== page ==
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Westfield paramedics now equipped with rapid COVID-19 test kits

The kits will go to Westfield's field response paramedics to test people at home who are showing symptoms.

WESTFIELD, Ind. — A new game plan is underway in Westfield to test people showing symptoms of COVID-19 without them ever leaving home. 

There are several benefits to the new level of COVID-19 testing in Westfield. It includes making sure people who come down with the coronavirus get the help they need right away and know how to protect others. 

"We hope to educate them. We have resources with stay-at-home instructions," said Westfield EMS Division Chief Patrick Hutchison.

Hutchison showed 13News one of their new COVID-19 testing kits and how it can give results within 15 minutes. He said the test is not as invasive as some of the more recent tests given at drug stores and drive-thru locations.

"You take this and insert it in the nostril," said Hutchison. "You don't go all the way up just the interior of the nostril."

Westfield EMS was recruited by Hamilton County health officials to train how to administer the rapid test kits. The kits will go to Westfield's field response paramedics to test people at home who are showing symptoms.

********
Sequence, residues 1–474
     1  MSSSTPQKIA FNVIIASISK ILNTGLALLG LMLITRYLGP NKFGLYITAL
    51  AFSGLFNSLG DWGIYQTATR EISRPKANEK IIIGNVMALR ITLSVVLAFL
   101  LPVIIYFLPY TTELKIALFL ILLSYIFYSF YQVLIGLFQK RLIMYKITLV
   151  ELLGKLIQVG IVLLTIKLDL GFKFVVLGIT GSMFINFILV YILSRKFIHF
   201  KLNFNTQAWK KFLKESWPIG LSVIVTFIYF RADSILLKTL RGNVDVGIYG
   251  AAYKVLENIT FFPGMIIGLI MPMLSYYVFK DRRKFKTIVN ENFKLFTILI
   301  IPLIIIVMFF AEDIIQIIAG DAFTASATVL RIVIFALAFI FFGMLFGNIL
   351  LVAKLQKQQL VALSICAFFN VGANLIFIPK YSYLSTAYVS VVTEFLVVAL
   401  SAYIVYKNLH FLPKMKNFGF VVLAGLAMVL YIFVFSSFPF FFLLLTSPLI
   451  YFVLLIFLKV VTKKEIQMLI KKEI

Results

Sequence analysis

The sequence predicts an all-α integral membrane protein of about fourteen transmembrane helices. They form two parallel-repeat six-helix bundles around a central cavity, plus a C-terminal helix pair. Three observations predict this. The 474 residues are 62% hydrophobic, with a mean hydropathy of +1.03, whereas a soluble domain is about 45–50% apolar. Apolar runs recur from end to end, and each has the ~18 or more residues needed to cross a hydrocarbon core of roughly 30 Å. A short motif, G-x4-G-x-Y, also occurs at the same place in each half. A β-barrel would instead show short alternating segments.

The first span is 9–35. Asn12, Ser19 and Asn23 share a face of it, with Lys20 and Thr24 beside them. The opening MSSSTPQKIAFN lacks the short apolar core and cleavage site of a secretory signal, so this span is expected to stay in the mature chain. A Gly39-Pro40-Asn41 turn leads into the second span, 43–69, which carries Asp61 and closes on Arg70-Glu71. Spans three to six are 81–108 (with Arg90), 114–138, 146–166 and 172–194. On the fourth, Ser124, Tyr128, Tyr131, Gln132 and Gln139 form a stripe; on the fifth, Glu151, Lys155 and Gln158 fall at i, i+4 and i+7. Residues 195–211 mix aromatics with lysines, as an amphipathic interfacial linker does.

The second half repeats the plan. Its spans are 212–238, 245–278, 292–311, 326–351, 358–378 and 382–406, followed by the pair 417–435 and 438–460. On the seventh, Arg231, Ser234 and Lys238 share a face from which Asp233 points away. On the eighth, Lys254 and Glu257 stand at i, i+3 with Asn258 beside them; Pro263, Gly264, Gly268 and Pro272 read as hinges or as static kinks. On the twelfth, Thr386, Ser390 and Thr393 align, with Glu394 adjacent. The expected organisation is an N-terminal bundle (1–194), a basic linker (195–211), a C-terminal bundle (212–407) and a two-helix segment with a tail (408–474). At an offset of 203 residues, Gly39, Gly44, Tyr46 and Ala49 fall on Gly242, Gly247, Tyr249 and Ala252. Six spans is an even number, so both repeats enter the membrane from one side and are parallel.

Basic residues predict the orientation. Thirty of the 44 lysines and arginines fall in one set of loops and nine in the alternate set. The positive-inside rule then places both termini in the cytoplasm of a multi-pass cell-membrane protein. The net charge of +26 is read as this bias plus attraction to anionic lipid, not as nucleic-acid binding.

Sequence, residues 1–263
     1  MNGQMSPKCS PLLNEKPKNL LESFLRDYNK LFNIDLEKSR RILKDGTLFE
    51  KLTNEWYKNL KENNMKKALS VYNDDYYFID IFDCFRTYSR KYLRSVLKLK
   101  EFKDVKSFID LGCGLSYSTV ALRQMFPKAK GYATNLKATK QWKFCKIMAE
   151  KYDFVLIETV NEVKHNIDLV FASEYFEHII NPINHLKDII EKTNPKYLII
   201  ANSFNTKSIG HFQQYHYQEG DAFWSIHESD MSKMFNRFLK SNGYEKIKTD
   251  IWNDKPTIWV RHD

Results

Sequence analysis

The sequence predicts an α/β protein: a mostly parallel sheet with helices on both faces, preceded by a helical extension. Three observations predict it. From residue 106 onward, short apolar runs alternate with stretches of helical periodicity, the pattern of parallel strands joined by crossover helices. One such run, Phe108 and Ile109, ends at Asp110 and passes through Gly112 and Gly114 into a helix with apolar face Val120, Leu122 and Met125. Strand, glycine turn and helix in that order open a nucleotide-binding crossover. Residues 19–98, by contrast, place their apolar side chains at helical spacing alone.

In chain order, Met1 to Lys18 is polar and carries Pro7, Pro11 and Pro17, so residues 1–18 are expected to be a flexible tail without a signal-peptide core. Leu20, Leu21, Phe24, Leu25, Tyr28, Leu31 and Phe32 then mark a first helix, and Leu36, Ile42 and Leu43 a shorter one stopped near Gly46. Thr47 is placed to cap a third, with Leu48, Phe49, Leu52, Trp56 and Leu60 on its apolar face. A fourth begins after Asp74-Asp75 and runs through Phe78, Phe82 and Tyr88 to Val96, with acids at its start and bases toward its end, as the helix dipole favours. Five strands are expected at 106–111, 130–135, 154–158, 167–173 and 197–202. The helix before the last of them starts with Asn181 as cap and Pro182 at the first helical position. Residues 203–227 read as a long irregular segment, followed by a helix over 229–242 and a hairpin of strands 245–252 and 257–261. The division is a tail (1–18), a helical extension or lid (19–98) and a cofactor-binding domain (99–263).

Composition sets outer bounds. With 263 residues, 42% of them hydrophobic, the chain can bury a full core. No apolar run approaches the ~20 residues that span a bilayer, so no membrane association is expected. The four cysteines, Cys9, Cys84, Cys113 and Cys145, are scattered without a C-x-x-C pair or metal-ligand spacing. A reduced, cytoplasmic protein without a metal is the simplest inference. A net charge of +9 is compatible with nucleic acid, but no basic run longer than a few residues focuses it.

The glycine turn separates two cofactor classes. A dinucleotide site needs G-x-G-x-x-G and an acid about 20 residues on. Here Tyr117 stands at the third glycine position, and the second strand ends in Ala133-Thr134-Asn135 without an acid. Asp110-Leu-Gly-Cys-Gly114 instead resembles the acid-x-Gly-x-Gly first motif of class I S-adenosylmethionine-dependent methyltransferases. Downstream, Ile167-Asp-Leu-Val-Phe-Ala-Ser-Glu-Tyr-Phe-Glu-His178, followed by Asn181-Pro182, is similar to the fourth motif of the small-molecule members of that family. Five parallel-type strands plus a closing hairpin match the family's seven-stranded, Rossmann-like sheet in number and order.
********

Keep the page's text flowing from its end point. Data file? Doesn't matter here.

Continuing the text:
"This, we hope, will decrease the number of hospital patients that come in to be evaluated there," said Hutchison.

The new level of testing comes as more people in central Indiana and across the country request COVID-19 testing, fearing exposure to the virus. Hutchison believes their home tests in Westfield could keep hospital beds open for more severe cases. During the home tests, based on the level of sickness diagnosed by Westfield field resource paramedics, the patient will receive immediate care options.   

"If they need medications like Tylenol or meds to control nausea or vomiting or fluid replacement, we can help with that," Hutchison said.

Hutchison stressed that people without signs of having the virus should undergo regular COVID-19 testing since this particular test is designed to detect the virus in people who are ill. There is a risk of the test result being inaccurate if the patient is asymptomatic.

Hutchinson and his team are hoping that people who are not sick will not tie up 911 to request a test. 

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